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dc.contributor.authorWilliams, Donna A.
dc.contributor.authorFlood, Mary H.
dc.date.accessioned2016-05-19T19:13:21Z
dc.date.available2016-05-19T19:13:21Z
dc.date.issued2015-04
dc.identifier.citationWilliams, D. A., and M. H. Flood. “Capillary Tone: Cyclooxygenase, Shear Stress, Luminal Glycocalyx, and Hydraulic Conductivity (Lp).” Physiological Reports 3, no. 4 (April 1, 2015): e12370–e12370. doi:10.14814/phy2.12370.en_US
dc.identifier.issn2051-817X
dc.identifier.urihttps://scholarworks.montana.edu/xmlui/handle/1/9823
dc.description.abstractControl of capillary hydraulic conductivity (Lp) is the physiological mechanism that underpins systemic hydration. Capillaries form the largest surface of endothelial cells in any species with a cardiovascular system and all capillaries are exposed to the flow‐induced force, shear stress (τ). Vasoactive molecules such as prostacyclin (cyclooxygenase product, COX) are released from endothelial cells in response to τ. Little is known about how COX activity impacts capillary Lp. The purpose here was to assess Lp in situ following an acute Δτ stimulus and during COX1/COX2 inhibition. Mesenteric true capillaries (TC) of Rana pipiens (pithed) were cannulated for Lp assessment using the modified Landis technique. Rana were randomized into Control and Test groups. Two capillaries per animal were used (perfusate, 10 mg·mL−1 BSA/frog Ringer's; superfusate, frog Ringer's or indomethacin (10−5 mol·L−1) mixed in frog Ringer's solution). Three distinct responses of Lp to indomethacin (TC2) were demonstrated (TC1 and TC2 medians: Test Subgroup 1, 3.0 vs. 1.8; Test Subgroup 2, 18.2 vs. 2.2; Test Subgroup 3, 4.2 vs. 10.2 × 10−7 cm·sec−1·cm H2O−1). Multiple regression analysis revealed a relationship between capillary Lp and systemic red blood cell concentration or hematocrit, plasma protein concentration, and Δτ (Test Subgroup 1, R2 = 0.59, P < 0.0001; Test Subgroup 2, R2 = 0.96, P = 0.002), but only during COX inhibition. Maintaining red blood cell and plasma protein levels within a normal range may control barrier function in a healthy state. Recovering barrier function may be an unrecognized benefit of transfusions during blood loss or edema formation.en_US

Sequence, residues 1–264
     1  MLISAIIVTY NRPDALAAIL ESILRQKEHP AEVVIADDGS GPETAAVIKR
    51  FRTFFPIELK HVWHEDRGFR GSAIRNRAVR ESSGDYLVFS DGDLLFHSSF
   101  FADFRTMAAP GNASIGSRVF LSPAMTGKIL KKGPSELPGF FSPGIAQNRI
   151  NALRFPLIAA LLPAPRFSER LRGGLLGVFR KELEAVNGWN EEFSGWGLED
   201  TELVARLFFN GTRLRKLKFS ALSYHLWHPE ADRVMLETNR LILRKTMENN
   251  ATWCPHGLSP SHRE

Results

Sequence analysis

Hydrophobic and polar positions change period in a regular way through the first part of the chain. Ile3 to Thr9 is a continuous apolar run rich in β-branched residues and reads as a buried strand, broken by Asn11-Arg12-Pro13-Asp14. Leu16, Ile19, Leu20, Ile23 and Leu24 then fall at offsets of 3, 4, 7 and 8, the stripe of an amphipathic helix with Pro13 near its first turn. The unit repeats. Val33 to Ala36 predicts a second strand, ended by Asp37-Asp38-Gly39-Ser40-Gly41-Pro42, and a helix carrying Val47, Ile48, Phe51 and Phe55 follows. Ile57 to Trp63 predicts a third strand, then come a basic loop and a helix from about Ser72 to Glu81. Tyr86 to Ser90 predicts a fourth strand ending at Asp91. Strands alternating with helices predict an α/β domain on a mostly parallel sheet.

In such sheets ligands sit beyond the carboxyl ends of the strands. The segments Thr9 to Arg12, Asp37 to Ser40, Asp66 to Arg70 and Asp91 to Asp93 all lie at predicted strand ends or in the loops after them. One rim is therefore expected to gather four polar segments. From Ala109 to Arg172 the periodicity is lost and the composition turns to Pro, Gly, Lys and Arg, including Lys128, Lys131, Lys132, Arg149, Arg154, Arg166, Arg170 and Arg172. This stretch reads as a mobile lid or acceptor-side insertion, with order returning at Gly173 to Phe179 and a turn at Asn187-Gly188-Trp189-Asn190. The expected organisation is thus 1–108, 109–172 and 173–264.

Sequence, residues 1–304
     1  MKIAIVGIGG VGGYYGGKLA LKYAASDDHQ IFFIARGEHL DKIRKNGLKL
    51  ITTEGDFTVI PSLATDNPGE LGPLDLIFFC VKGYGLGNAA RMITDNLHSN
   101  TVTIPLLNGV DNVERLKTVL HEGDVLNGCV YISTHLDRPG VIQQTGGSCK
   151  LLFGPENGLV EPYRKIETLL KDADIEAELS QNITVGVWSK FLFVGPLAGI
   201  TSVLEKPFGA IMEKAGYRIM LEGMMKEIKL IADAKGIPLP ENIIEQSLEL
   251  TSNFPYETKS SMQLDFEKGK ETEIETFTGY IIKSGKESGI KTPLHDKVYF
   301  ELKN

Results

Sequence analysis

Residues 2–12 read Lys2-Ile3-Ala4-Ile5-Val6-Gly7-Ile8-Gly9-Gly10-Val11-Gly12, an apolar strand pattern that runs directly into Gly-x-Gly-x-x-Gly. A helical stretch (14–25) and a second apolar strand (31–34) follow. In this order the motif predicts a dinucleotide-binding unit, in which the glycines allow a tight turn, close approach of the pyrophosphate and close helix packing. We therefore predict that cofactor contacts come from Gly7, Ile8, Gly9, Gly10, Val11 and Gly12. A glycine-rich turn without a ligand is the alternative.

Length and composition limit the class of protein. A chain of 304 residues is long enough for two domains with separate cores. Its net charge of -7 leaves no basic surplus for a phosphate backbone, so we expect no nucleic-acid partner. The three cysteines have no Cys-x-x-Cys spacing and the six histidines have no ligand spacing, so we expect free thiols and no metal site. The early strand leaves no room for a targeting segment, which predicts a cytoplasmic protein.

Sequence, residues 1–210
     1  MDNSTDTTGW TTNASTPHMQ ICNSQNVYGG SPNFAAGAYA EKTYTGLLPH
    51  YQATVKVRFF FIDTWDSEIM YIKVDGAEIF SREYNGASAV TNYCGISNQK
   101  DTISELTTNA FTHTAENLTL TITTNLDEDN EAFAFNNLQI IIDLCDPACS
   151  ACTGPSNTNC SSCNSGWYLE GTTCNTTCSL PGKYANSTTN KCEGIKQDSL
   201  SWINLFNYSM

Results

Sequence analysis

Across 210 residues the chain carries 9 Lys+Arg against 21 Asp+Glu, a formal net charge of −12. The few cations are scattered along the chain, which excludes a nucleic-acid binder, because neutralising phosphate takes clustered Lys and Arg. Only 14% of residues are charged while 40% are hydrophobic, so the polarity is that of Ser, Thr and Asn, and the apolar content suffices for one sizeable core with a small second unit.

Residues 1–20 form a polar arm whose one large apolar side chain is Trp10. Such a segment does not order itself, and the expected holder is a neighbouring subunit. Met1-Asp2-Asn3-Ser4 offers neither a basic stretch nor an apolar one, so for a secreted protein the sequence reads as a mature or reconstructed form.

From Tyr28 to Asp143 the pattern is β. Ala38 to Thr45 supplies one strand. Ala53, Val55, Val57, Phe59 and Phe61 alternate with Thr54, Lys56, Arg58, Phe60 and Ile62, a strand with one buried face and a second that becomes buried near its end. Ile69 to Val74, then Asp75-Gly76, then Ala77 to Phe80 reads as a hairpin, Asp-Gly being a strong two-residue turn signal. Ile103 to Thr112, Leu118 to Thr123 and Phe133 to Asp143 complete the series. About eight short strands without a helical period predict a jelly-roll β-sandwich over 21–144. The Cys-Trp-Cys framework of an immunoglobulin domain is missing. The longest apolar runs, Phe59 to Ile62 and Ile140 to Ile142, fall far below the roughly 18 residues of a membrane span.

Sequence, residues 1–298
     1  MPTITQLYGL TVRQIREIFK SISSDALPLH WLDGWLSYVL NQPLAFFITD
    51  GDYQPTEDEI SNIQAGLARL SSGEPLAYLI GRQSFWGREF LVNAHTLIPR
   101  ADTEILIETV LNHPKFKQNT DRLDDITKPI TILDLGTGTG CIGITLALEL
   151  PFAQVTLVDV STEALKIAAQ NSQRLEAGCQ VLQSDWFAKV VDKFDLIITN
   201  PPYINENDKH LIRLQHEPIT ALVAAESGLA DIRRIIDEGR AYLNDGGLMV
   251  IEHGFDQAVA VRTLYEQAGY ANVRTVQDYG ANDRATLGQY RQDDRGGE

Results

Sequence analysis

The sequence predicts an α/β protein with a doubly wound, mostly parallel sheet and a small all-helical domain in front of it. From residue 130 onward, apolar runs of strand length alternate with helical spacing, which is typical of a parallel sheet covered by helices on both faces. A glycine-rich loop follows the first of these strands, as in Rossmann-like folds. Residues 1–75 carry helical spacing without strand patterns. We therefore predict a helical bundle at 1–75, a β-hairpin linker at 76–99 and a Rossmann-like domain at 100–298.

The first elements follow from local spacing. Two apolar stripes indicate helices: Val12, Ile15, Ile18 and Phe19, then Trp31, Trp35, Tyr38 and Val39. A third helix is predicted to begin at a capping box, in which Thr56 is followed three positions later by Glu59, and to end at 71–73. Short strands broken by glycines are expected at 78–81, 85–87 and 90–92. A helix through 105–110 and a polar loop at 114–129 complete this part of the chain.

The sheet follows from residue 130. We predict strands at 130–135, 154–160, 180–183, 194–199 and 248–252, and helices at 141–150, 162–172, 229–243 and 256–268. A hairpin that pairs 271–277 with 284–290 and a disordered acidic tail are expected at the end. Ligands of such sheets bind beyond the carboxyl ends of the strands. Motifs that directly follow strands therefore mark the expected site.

dc.titleCapillary Tone: Cyclooxygenase, Shear Stress, Luminal Glycocalyx, and Hydraulic Conductivity (Lp)en_US
dc.typeArticleen_US
mus.citation.issuee12370en_US
mus.citation.journaltitlePhysiological Reportsen_US
mus.citation.volume3en_US
mus.identifier.categoryHealth & Medical Sciencesen_US
mus.identifier.doi10.14814/phy2.12370en_US
mus.relation.collegeCollege of Nursingen_US
mus.relation.departmentNursing.en_US
mus.relation.universityMontana State University - Bozemanen_US
mus.data.thumbpage7en_US


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